Intel today released a price list which included 16 new 32nm processors. The new additions fill in gaps in the Celeron, Pentium, and Core product lines. The new additions are then further broken down into the desktop and mobile camps. On the desktop front, there are four Celeron models ranging from $47 to $52, three Pentium models ranging from $70 to $86, and four new Core i series processors ranging from $127 to $177. Within that range, there are three hyper-threaded dual core Core i3 part and one quad core Core i5 processor.
The mobile additions include one low end and four high end models. On the low end is the dual core Celeron B840 at 1.9GHz with 2 MB L3 cache and 35W TDP. On the high end are four Core i7 chips. The Core i7 2640M is a $346 part and is a hyper-threaded dual core chip at 2.8 GHz, 4 MB L3 cache, and 35W TDP. The Core i7 2760QM is a hyper-threaded quad core part at 2.4 GHz, 6 MB L3 cache, and a 45W TDP. As another 45W TDP part, the Core i7 2860 QM is also a hyper-threaded quad core at 2.5 GHz with 8 MB L3 cache. The highest end mobile chip addition is the Core i7 2960XM, which is a hyper-threaded quad core at 2.7 GHz, a 55W TDP, and 8 MB of L3 cache.
As you can see, there are quite a few new additions filling out the product lineup at various price points and performance segments. See the chart below for the full list and specs.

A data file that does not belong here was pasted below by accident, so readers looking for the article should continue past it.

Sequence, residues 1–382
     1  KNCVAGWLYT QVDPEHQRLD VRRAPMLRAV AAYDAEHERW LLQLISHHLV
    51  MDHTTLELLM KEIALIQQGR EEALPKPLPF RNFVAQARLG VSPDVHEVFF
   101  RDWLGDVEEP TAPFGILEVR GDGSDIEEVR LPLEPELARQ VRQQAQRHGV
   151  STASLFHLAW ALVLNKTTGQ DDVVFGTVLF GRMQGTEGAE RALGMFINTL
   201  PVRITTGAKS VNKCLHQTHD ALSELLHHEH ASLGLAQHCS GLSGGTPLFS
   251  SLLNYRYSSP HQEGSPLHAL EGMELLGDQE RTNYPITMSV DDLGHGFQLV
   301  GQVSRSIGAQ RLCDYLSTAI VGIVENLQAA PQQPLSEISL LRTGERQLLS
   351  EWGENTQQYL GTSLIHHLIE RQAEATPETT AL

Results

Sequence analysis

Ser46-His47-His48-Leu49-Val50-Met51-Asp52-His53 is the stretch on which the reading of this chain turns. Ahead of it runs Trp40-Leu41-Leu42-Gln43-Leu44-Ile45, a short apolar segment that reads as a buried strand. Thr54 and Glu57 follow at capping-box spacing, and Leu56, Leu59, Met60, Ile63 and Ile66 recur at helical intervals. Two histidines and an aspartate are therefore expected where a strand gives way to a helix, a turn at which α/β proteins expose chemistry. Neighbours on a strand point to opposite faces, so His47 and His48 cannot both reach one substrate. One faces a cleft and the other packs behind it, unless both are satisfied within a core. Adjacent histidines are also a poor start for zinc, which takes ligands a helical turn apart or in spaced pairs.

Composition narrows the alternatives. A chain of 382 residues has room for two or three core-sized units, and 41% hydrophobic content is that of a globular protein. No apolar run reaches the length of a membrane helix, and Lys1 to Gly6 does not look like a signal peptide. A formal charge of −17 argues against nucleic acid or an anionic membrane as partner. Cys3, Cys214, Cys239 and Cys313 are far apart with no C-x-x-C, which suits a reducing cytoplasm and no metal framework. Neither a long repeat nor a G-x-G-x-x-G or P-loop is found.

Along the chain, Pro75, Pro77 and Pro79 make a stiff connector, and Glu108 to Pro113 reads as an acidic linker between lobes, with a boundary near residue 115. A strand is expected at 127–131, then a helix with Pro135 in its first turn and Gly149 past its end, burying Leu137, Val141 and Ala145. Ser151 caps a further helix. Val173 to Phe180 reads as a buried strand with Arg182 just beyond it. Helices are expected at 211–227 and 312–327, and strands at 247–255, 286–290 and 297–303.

|Core i5-2320||3.0 GHz||4/4||6MB||95W||$177|
|Core i3-2130||3.4 GHz||2/4||3MB||65W||$138|
|Core i3-2125||3.3 GHz||2/4||3MB||65W||$134|
|Core i3-2120T||2.6 GHz||2/4||3MB||35W||$127|
|Pentium G860||3.0 GHz||2/2||3MB||65W||$86|
|Pentium G630||2.7 GHz||2/2||3MB||65W||$75|
|Pentium G630T||2.3 GHz||2/2||3MB||35W||$70|
|Celeron G540||2.5 GHz||2/2||2MB||65W||$52|
|Celeron G530T||2.0 GHz||2/2||2MB||35W||$47|
|Celeron G530||2.4 GHz||2/2||2MB||65W||$42|
|Celeron G440||1.6 GHz||1/1||1MB||35W||$37|
|Core i7-2960XM||2.7 GHz||4/8||8MB||55W||$1,096|
|Core i7-2860QM||2.5 GHz||4/8||8MB||45W||$568|
|Core i7-2760QM||2.4 GHz||4/8||6MB||45W||$378|
|Core i7-2640M||2.8 GHz||2/4||4MB||35W||$346|
|Celeron B840||1.9 GHz||2/2||2MB||35W||$86|